Snapchat may have built an empire on ephemerality, but now that FOMO (which is to say, fear of missing out) is becoming more relevant every day, the concept of disappearing content may be … well, disappearing. At least, that appears to be Instagram’s strategy, now that it is giving users the option of saving public live broadcasts to your Instagram stories, where they can be viewed by your followers for 24 hours. That means that no longer will your followers have to worry about missing out on your content — instead, you can choose to share your live content even when it is no longer live.
While Instagram, for quite some time, appeared to be taking its cues from Snapchat, it now looks as though the photo-sharing platform is setting new precedents. This live video feature, after all, is not something that Snapchat has (yet) and it could help Instagram even further its lead over the rival social media app. Instagram Stories now boasts 250 million daily users, which represents a 50 million increase from its 200 million mark in April.
Snapchat, on the other hand, can only claim a total of 166 million daily users across its entire app — Instagram, for reference, has 700 million total users.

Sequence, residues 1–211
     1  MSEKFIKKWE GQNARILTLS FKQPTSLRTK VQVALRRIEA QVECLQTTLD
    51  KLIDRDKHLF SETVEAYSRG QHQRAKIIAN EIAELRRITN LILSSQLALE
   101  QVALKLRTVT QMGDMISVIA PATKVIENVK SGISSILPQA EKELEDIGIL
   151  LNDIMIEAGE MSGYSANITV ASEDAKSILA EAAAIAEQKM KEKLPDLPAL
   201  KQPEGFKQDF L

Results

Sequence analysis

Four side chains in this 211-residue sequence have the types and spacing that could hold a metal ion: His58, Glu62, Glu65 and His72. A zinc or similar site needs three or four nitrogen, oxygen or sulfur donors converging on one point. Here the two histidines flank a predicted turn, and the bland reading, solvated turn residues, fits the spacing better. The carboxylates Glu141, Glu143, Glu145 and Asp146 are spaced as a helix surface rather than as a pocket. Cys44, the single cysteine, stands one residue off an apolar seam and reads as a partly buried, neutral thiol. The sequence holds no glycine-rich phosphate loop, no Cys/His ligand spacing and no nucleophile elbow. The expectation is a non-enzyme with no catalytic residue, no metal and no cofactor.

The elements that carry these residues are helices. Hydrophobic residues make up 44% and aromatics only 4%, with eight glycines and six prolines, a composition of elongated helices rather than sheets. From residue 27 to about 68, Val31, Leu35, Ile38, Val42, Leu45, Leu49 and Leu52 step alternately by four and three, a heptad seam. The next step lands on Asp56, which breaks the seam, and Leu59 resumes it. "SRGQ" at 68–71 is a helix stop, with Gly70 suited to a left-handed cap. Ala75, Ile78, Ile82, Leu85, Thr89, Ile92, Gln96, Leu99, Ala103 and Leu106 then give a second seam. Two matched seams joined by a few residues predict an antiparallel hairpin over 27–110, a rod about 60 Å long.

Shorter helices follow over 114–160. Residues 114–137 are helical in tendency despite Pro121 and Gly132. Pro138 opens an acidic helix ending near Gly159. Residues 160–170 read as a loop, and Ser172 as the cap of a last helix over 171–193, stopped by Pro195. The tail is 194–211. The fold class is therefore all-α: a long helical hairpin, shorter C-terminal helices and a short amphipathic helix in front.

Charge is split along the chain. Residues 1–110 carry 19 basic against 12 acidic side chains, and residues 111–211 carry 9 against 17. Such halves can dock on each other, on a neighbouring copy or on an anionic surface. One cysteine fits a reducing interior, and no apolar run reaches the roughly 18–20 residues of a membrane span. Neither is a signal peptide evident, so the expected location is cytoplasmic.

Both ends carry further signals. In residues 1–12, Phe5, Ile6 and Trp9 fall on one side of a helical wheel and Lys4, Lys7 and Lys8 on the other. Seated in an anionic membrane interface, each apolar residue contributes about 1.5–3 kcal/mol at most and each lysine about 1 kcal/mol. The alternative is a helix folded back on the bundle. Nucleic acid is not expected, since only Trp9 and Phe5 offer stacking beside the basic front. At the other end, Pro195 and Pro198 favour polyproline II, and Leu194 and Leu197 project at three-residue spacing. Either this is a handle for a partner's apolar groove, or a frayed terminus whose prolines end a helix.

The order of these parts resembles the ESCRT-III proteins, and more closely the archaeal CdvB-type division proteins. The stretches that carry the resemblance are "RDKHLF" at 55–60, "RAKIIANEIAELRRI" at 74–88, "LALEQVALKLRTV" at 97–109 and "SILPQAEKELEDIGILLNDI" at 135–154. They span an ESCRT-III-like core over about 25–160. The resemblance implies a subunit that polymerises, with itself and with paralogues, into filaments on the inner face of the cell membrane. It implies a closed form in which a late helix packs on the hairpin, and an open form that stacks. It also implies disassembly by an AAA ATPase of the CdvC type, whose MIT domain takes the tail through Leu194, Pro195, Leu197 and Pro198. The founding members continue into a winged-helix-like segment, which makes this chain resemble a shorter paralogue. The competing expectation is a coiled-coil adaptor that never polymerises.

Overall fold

“From new creative tools to location stories, we’ve been focused on making it easier to share any moment and uncover stories from the accounts and interests that matter most to you,” Instagram told TechCrunch. “As a result, we are continuing to see strong growth both in the U.S. and internationally.”
And just maybe, this growth can be further bolstered by the change to Instagram Live videos.
The decision to make these videos accessible for longer periods of time could be a controversial one. After all, the instant disappearance of these videos one of the few truly differentiating factors for Instagram — Facebook Live and Twitter’s Periscope both allow for playbacks. That meant that Instagram Live videos were truly special, in a way.
But hey, at least now, your friends and families will not have to worry about missing out on any of your content. And isn’t that what matters most of all?
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